Food Allergy

Food Allergy


A food allergy is an adverse immune response to a food protein. Allergies are distinct from other adverse responses to food, such as food poisoning.

In extreme cases a food allergy can lead to rapid incapacitation and even death.

The Allergic Response

These kinds of allergic reactions occur when the body's immune system mistakenly identifies a protein as harmful. Some proteins or fragments of proteins are resistant to digestion and those that are not broken down in the digestive process are tagged by the Immunoglobulin E (IgE). These tags fool the immune system into thinking that the protein is harmful. The immune system, thinking the individual is under attack, triggers an allergic reaction. These reactions can range from mild to severe. Allergic responses include dermatitis, gastrointestinal and respiratory distress, including life-threatening anaphylactic responses that require immediate emergency intervention.


Classic IgE-mediated allergic reactions have an acute onset (from seconds to one hour) and may include:

  • Hives (a rash with pronounced raised bumps);
  • Itching of mouth, lips, tongue, throat, eyes, skin, or other areas;
  • Swelling (angioedema) of lips, tongue, eyelids, or the whole face;
  • Difficulty swallowing:
  • Runny or congested nose;
  • Hoarse voice
  • Wheezing and/or shortness of breath
  • Nausea
  • Vomiting
  • Abdominal pain and/or stomach cramps
  • Lightheadedness
  • Fainting

Note that some symptoms are similar to those of food poisoning.

Symptoms of allergies vary from person to person. The amount of food needed to trigger a reaction also varies from person to person. Most extreme cases an allergic reaction occur as a result of ingestion. However, an allergic reaction may occur if a person comes into contact with the only the minutest of traces of a substance, for example if their food has been prepared on a surface that has previously been used to prepare a food that they are allergic to.

Food Types Associated with Allergic Reaction

Many foods can trigger an allergic reaction; this may occur upon the first known ingestion.

Common triggering foods vary around the world depending on the diet.

Ingestion of, or exposure to, the following foods may cause a reaction:

  • Peanuts,
  • Soy,
  • Wheat,
  • Tree nuts (pecans, pistachios, pine nuts, and walnuts),
  • Shellfish,
  • Fish,
  • Milk (dairy products generally from cows, goats, or sheep),
  • Seeds (sesame and poppy) and oils derived from them,
  • Rice,
  • Eggs (the white rather than the yolk), and
  • Food additives (including colouring).


Serious danger regarding allergies can begin when the respiratory tract or blood circulation is affected. This can be indicated through wheezing and a blue tinge to the skin caused by lack of oxygen. Poor blood circulation leads to a weak pulse, pale skin, and fainting.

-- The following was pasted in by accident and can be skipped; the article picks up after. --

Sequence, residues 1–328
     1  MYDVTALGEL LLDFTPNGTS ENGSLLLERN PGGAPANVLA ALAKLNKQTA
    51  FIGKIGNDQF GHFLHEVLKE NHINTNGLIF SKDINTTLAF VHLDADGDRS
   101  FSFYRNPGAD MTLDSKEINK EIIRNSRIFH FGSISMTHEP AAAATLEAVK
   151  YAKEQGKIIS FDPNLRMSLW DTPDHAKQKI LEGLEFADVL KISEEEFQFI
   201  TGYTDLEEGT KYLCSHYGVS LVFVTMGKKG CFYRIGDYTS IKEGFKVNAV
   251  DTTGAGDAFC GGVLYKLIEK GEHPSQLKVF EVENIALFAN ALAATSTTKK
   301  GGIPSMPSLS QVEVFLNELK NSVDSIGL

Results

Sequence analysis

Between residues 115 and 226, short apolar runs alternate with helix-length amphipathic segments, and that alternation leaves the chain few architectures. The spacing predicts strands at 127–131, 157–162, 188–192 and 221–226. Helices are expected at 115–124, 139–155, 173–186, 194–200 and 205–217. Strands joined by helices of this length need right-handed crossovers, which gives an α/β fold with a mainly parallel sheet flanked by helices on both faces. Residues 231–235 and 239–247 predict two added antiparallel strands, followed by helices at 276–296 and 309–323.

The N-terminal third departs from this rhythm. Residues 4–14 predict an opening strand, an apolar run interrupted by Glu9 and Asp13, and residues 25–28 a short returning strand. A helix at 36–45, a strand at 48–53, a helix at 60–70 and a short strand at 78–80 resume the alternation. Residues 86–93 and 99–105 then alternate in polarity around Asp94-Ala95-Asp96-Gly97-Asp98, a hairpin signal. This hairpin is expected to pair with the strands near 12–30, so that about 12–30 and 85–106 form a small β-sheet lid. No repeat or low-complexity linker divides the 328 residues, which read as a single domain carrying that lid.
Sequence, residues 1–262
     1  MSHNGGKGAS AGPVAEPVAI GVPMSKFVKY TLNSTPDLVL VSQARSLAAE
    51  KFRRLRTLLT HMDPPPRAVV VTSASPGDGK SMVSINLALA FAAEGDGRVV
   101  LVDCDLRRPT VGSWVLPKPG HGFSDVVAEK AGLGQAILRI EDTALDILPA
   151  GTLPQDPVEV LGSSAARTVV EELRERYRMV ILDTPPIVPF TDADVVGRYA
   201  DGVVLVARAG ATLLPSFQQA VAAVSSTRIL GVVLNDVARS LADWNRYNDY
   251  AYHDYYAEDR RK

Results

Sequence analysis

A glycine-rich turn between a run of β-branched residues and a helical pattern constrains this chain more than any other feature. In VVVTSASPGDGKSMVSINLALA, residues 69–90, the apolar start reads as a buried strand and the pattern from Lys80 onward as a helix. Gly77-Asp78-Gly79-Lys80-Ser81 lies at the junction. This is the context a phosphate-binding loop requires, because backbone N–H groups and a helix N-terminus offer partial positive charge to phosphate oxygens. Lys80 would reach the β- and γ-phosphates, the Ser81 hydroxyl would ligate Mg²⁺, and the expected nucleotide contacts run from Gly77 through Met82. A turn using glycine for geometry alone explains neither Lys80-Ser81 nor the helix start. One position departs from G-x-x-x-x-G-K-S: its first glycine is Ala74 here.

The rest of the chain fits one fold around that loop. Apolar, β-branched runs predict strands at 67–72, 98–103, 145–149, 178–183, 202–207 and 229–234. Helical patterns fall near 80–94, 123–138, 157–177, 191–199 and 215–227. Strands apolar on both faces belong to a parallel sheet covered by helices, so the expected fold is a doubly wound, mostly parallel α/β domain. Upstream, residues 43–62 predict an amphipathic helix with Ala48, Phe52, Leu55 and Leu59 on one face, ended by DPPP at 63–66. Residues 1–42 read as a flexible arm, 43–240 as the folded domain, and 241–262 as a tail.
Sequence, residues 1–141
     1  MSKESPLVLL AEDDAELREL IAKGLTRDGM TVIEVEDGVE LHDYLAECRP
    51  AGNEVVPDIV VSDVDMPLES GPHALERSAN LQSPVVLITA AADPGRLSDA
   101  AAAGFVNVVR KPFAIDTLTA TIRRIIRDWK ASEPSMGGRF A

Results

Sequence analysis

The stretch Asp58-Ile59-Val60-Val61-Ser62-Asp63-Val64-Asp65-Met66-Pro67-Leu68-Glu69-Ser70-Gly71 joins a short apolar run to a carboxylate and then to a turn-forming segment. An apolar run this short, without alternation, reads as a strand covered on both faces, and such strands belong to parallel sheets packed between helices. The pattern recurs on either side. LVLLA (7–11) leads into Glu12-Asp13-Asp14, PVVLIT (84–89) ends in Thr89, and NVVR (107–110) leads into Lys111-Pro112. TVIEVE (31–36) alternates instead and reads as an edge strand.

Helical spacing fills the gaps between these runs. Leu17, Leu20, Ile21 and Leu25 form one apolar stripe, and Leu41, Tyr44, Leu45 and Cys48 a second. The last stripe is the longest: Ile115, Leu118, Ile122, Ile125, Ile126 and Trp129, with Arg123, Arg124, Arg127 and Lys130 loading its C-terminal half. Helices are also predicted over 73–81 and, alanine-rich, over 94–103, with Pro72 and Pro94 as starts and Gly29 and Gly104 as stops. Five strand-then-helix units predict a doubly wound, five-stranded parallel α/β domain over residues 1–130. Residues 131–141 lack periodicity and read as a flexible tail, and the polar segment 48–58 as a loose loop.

When symptoms include impaired breathing and affect circulation, the person is said to be in "anaphylactic shock". Anaphylaxis occurs because no nutrients are circulated throughout the body, causing the widening of blood vessels (Vasodilation). This vasodilation causes blood pressure to decrease, which leads to the loss of consciousness. Those with asthma or an allergy to peanuts, tree nuts, or seafood are at greater risk of anaphylaxis.

Note that an anaphylactic shock can also be triggered by venom from insect bites or stings (especially bee and wasp stings) and as a reaction to medication (including certain anti-biotics, aspirin, and morphine.


Epinephrine, also known as adrenaline, is a common medication used to treat allergic reactions. Epinephrine reverses the allergic reaction by improving blood circulation. This is done by tightening blood vessels in order to increase the heart beat and circulation to bodily organs.

People diagnosed with a food allergy may carry an injectable form of epinephrine such as an EpiPen (portable epinephrine-dispensing devices), or wear some form of medical alert jewelry, or develop an emergency action plan, in accordance with their doctor. The affected individual may recognise the onset of anaphylaxis and be able to brief other crew members on the correct response. They may administer the EpiPen themselves or they may need help from another crew member.

It is possible that a second dose of epinephrine may be required for severe reactions.

Related Articles

Further Reading

  • CAP 757: Occupational Health and Safety on-board Aircraft - Guidance on Good Practice, 2012.

SKYbrary Partners:

Safety knowledge contributed by: